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I answered it in the comments section, but it's such a good question I thought I'd go into MUCH better detail with it! Here goes...
How to balance being FRUGAL vs. being a CHEAPSKATE
That is SUCH a great question. You're right, there is a fine line. If you check out THIS POST you'll see that I talk about this very thing.
I remember in college my roommates accused me of being cheap. It stung. I loved those girls dearly (and still do), but we were raised differently. They each had daddy's credit card that paid for their gas, clothing, fun, and anything else they wanted. While my parents were very generous in paying for my tuition, I had to work multiple jobs to have fun, clothing, and eating out money. Because of this, I pinched my pennies and was very careful with my money.
I remember instantly hating the label of CHEAP. I thought to myself, "that's not fair! Just because I have to manage my money well doesn't make me a cheap person!". However, looking back, I see they were partially right. I skimped on Christmas and Birthday gifts and focused more on the price of something than the value of something. I was stingy in many cases, and could have found ways to be more generous. Live and learn, right?
Since then I have really worked to find my balance.
While I don't go out and spend $100 on a baby shower gift (I spend more like $15 - see HERE -), I really try to make sure what I'm giving them is greater in value than what I paid for it, and try to make sure it's truly something thoughtful, quality, and something they need/would enjoy.
So how do you balance being FRUGAL (yay!) and being a CHEAPSKATE (booo!)?
Here are some tips for you:
- First and foremost, you must understand the difference between being FRUGAL and being CHEAP.
- I think THIS article says it well: "For instance, at dinner with friends, a frugal diner may opt to share an entree; a cheap diner might opt to put $10 into the pot to cover their $9.95 dinner, totally overlooking the tax and tip, and lacking consideration for those sharing the bill. Put better, cheap people care about the cost of something; frugal people care about the value of something.”
- THIS article also says it well: "Being frugal is the wise and intentional use of money whether saving or spending. It is being careful, thrifty and prudent with your resources. Frugality, to me, is getting the most bang for your buck, whether that is Five Bucks or Five Hundred Bucks. Frugality helps you stretch your hard-earned dollars as much as possible. Being cheap, however, is a reluctance to spend money, even on things that are necessary and needed. It is being stingy, miserly, tightfisted. It’s buying things that are lower in quality, just to save a dollar or two. Being cheap is letting others foot the bill or being dishonest in order to save a buck. Cheapness is selfishness and often results from fear; fear of running out of money and not being able to take care of yourself and your family".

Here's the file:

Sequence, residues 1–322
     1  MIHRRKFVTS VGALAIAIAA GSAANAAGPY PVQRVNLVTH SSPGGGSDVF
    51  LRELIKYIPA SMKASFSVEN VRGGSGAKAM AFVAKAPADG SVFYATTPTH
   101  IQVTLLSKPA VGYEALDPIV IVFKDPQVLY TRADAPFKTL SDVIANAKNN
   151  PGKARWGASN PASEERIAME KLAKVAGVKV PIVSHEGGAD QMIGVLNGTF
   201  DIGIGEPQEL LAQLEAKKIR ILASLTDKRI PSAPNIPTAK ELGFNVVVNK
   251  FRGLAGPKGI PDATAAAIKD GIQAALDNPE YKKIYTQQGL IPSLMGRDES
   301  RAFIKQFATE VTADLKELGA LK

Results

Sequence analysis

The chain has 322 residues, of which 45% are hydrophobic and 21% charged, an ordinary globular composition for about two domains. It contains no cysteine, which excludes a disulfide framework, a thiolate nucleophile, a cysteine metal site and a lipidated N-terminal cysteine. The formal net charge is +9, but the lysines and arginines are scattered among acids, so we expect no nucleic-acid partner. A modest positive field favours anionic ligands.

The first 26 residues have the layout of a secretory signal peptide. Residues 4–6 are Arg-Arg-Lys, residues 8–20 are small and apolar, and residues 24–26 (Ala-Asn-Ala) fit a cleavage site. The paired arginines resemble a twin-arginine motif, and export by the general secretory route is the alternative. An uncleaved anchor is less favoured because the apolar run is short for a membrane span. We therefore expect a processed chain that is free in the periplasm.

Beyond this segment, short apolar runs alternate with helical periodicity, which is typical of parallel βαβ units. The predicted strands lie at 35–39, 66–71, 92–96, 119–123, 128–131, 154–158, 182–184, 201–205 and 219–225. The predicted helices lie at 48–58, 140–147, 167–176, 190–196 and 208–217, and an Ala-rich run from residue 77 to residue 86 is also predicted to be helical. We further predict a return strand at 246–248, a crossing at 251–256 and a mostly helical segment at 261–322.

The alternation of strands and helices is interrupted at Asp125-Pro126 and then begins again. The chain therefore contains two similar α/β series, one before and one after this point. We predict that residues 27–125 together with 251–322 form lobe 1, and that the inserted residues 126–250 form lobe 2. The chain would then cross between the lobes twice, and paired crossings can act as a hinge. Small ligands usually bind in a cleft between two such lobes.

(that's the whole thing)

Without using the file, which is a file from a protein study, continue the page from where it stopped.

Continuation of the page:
Once you understand the difference between the two, it will help you to find the balance.
- Accept that there is a time and a place for everything. If friends invite you to dinner and you accept, you have just accepted their invitation. If they choose to go to an expensive place for dinner and top-dollar movie theater after, don't throw a fuss and only drink water at dinner. That is not the time nor place to hold your frugal ground. Certainly do everything you can to save a buck (share a meal, ask for specials, skip drinks and appetizers, etc.) but no one will enjoy your company if you are making awkward comments at how expensive everything is at dinner.
- Details, details, details. Knowledge is power, so get informed! If friends ask you to go out (for example), ask questions first. What time are you thinking? (so you know how much to budget for a babysitter.) Where are you guys wanting to go eat? (so you can search for coupons before you go, or eat a little before you go if the menu is pricey.) Are you wanting to do anything before or after? What show are you wanting to see/what theater? (so you can scope out the ticket price before going.) It's best to be as informed as possible before you go so you know whether you can afford financially to commit or not.
- Be willing to take charge. My husband and I are party throwers (if you haven't learned that about me yet!). We spend time with friends or family at least 1x per week, and it's usually at our house or on a date somewhere that we organized. Why? We love spending time with people, and we've learned that if we don't take charge, it won't happen. Aside from that, if we plan it, we get to do it our way; which, financially, is the only way we're able to make it happen. We are mindful of our friends likes and needs and try to ask their opinions and suggestions, but ultimately, if you plan the outing, you have the final say. So be prepared to take initiative! For example: If gift-giving in your family is getting expensive, take initiative and suggest drawing names rather than everyone giving a gift to everyone, and be prepared to take charge and organize it. If going out with friends is getting expensive, organize a dessert and game night at your house where everyone brings something to share and you cook rather than buying the food.
However...at the same time...
- ...learn to let go. No one likes a bossy friend. If you ask friends to dinner and you would like to go to Chili's because you have a coupon for a free appetizer, but your friend is pregnant and is dying for chinese food...go get Chinese food for heaven's sake! The relationship with the person is more important than being in control 100% of the time, so do your best but go with the flow and don't sweat the small stuff. Another example...If you go to a family-style restaurant with friends, it's commonplace that you split the bill equal ways since you are all sharing all the food. Well, what if you have one friend that buys 2 specialty drinks that equal $11, and all you had was water? Or what if one friend eats an entire plate of food themselves without sharing, AND takes the table's leftovers at the end of the night? First of all, PLEASE don't be that friend. If you eat more than your share, offer to pay more than your share. Second of all, if that friend doesn't offer to cover their extra costs, don't throw a fit about it. Just make a mental note that you don't want to go out to eat with those friends any more, count it as a loss and lesson learned, and head home enjoying your night.